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Bankruptcy Judge Lets Giuliani Challenge $148 Million Judgment

(Bloomberg) -- Former New York mayor Rudy Giuliani won bankruptcy court permission to challenge a $148 million judgment over false claims he made against two Georgia election workers, but faces long odds if he moves to get the financial penalty excused in Chapter 11.

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US Bankruptcy Judge Sean Lane said Friday during a hearing in White Plains, New York that Giuliani can request a second trial in federal court over damages he owes poll workers Ruby Freeman and Wandrea’ ArShaye “Shaye” Moss, whom Giuliani falsely accused of rigging the 2020 election for Joe Biden. Giuliani’s legal fees in the defamation action will be covered by a legal defense fund, his bankruptcy lawyer said.

Friday’s decision is more limited than what Giuliani sought, but allows him to seek a reappraisal of amounts he owes Freeman and Moss. Still, the federal judge overseeing the defamation case could deny the request.

Giuliani had to ask his bankruptcy judge’s permission to seek a new trial because insolvency rules pause all the lawsuits he’s facing and prevent Freeman and Moss from immediately collecting their judgment against him. Friday’s hearing was the first in his insolvency proceedings.

Giuliani’s bankruptcy lawyer, Gary Fischoff, said the former mayor has limited assets, which include some real estate, retirement accounts and income from his radio and podcast show. Besides the judgment, Giuliani faces a $1.3 billion defamation lawsuit brought by Dominion Voting Systems over false claims he made alleging the company used its voting machines to rig the 2020 election.

“There is not pot of gold at the end of the rainbow,” Fischoff said in the hearing.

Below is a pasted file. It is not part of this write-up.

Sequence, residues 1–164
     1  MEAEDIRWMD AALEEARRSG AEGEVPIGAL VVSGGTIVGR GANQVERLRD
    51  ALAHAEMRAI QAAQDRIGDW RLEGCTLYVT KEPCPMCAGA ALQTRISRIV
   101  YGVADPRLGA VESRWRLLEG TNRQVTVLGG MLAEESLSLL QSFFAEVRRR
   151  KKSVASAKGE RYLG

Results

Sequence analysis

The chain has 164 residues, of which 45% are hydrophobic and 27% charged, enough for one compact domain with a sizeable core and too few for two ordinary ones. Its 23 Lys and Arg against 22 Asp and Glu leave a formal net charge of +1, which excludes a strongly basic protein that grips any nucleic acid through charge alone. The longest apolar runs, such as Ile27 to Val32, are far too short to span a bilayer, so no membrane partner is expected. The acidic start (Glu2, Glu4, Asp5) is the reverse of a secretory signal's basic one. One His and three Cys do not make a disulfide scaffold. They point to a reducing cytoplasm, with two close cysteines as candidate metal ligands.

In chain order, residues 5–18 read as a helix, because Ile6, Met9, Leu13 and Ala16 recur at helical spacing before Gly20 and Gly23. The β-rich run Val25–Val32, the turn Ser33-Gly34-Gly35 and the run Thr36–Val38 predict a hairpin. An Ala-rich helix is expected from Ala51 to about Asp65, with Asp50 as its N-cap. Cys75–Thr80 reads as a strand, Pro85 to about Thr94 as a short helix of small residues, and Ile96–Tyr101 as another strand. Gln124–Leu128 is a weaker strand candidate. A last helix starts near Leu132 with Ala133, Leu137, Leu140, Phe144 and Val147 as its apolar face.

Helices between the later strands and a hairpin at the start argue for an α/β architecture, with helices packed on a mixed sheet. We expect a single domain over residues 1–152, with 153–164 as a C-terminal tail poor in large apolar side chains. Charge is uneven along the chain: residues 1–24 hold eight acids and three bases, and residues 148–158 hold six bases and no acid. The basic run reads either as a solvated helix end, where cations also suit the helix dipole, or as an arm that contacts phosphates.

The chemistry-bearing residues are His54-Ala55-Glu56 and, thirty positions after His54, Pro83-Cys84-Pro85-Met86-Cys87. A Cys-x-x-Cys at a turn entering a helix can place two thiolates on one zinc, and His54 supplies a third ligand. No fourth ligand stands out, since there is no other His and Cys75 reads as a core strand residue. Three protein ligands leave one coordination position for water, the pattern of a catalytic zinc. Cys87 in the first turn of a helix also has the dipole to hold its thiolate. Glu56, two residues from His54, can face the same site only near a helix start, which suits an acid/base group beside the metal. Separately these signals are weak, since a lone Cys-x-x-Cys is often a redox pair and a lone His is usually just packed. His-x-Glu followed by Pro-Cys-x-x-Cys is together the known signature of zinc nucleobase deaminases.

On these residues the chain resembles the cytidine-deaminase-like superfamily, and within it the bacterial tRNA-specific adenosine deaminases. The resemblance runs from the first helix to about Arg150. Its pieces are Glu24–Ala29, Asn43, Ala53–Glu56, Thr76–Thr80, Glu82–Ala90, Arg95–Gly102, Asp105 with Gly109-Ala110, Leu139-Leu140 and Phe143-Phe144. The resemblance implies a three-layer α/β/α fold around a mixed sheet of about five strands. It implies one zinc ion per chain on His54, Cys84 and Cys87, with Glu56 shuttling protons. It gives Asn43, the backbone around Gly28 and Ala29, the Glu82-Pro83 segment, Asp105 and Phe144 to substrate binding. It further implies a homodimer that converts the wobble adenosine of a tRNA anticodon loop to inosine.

Judge Lane also indicated Giuliani will face obstacles if he ultimately tries to use bankruptcy to excuse the judgment. Giuliani conceded in a stipulation that he published defamatory statements against Freeman and Moss that were false, their lawyer, Rachel Strickland, said during the hearing. And Giuliani has continued to make false statements about her clients online, Strickland said.

Strickland described the $148 million judgment as a “self-inflicted wound” because Giuliani, a former federal prosecutor, ignored his legal discovery obligations during the defamation case and flouted court orders. Giuliani has said in court papers that he believes the amount of the judgment is unreasonably large.

Generally, bankruptcy law doesn’t let litigants like Giuliani use Chapter 11 to discharge judgments or other debt arising from wrongdoing. Judge Lane said Friday that the stipulation Giuliani signed appears to use legal language that specifically protects the election workers’ judgment from a potential Chapter 11 discharge.

“This is not about politics at all,” Strickland said. “He said and did despicable things.”

The case is Rudolph W. Giuliani, 23-12055, in the U.S. Bankruptcy Court for the Southern District of New York (Manhattan).

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